EOS lip balm caused blisters, rash, lawsuit claims

EOS sued over alleged lip balm issues
EOS sued over alleged lip balm issues   

When it's cold out, we grab the lip balm and apply. And apply. And after the umpteenth application, we may wonder why our lips feel even more dry than before we started.

That recently happened to a woman using EOS lip balm — only when she reapplied, she claims her mouth broke out in blisters and rashes.

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EOS, otherwise known as the Evolution of Smooth, is "anything but smooth," according to a lawsuit filed on Jan. 12 in Los Angeles.

The class action suit claims the "Summer Fruit" version of the lip balm company—which pays celebrities like Kim Kardashian and Britney Spears to promote its cheerful, egg-shaped varieties—caused blisters and a rash to erupt all over the mouth of a woman named Rachel Cronin.

According to the document, after first applying the balm, "within hours, her lips became substantially dry and coarse, what Ms. Cronin describes as feeling like "sandpaper," causing her to apply more of the balm on her lip to achieve the results of becoming "sensationally smooth."

Cronin's lips began cracking on the edges and, by the next day, the surrounding skin had "severe blistering and rashes causing her to seek medical care on Dec. 7, 2015." The condition lasted for approximately 10 days, according to the lawsuit.

The suit asks for damages, claiming the company deceived consumers and misrepresented the product as natural and organic.

On Wednesday, the website TMZ posted pictures of a young woman's face, allegedly show irritation caused by the balm.

The company claims its lip balm products are 99 percent natural, organic, and gluten free. On Wednesday afternoon EOS Products tweeted its reaction to the suit.

However, even products that are natural, organic, and gluten free can still cause irritate or cause allergic reactions, dermatologists say.

"Just because something is natural doesn't mean it is safe. Anthrax is natural but not safe," said Dr. Adam Friedman, associate professor of dermatology at George Washington School of Medicine and Health Sciences.

Organic refers to food—not skin care products—and no agency regulates whether beauty products are organic, he said.

So what possibly caused a bumpy, painful-looking rash?

Allergic contact dermatitis, which resembles eczeme, occurs when people touch something—natural or artificial—they are allergic to.

"Contact reactions are not that uncommon and can even happen with natural products," said Dr. Apple Bodemer, assistant professor of dermatology at the University of Wisconsin School of Medicine and Public Health.

Don't lick your lips!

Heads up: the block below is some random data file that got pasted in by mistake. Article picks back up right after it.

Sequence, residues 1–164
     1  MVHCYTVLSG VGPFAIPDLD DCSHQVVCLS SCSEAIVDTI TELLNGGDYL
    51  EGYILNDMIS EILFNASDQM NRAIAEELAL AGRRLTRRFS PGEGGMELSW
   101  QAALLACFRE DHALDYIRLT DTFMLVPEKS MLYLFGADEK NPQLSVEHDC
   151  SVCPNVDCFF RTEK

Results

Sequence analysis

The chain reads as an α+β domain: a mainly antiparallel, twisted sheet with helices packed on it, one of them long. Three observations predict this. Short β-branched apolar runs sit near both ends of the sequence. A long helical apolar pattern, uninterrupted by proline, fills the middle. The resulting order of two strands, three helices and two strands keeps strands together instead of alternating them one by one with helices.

Dr. Whitney Bowe, a dermatologist at Advanced Dermatology in New York City, says there's also a rash known as lip lickers dermatitis.

"Anything that has a flavor is potentially irritating and anything with a flavor in it will make you lick your lips," she said.

When people lick their lips, their saliva spreads over the lips and mouths.

"[Saliva] is basically digesting away your lips," she said. This makes it easier for people to contract a bacterial or viral infection.

Hooked on lip balm?

Yet, the lip products themselves often create a vicious cycle of skin problems and dependence.

"It's not uncommon that lip balms and ChapSticks and lip plumpers can cause severe irritation on the lips and the skin around the lips. Some of the ingredients can actually dry out the lips —menthol, camphor, and phenol— that gives the tingling sensation.

That is actually a signal to the brain you are having a reaction," Bowe said.

This reaction is actually one of the reasons why people become hooked on lip balm. After the tingling and irritation, lips feel dry and cracked again, causing people to reach right for the lip balm.

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Trader Joe's hit with lawsuit for its tuna fish   

The cure for irritation, unsightly rashes, and lip balm addiction?

Petroleum jelly.

"No one has ever been shown to have a reaction to petroleum jelly," said Bodemer.

According to Dr. Aleksandar Krunic, a dermatologist at Swedish Covenant Hospital and dermatology professor at University of Illinois College of Medicine, these are the simple, safest ingredients to look for in a lip balm:

  • Paraben-free moisturizers like beeswax (cera alba)
  • ceramides (fats that help retain water)
  • Up to 5 percent of humectants — which help prevent cracked skin and reduce skin irritation — like urea or glycerin
  • Dimethicone, which helps prevent drying and makes the product last longer
  • Lanolin and cocoa butter
  • Sunscreen